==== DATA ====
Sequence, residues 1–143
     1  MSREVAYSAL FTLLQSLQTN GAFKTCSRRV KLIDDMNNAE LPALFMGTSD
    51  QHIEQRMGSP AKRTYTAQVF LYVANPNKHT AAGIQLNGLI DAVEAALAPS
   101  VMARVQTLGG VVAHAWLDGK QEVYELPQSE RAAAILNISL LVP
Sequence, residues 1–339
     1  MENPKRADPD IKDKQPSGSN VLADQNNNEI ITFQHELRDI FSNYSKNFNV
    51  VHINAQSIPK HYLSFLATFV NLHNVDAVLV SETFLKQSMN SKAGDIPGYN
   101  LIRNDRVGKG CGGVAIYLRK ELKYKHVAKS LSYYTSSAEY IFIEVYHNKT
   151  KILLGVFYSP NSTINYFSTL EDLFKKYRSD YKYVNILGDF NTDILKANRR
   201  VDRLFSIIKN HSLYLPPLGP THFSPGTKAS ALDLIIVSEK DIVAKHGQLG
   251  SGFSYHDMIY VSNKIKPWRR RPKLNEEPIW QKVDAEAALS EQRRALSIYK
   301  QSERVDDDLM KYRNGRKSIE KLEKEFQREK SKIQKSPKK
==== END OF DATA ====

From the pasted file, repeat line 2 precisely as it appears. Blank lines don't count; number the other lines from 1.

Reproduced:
     1  MSREVAYSAL FTLLQSLQTN GAFKTCSRRV KLIDDMNNAE LPALFMGTSD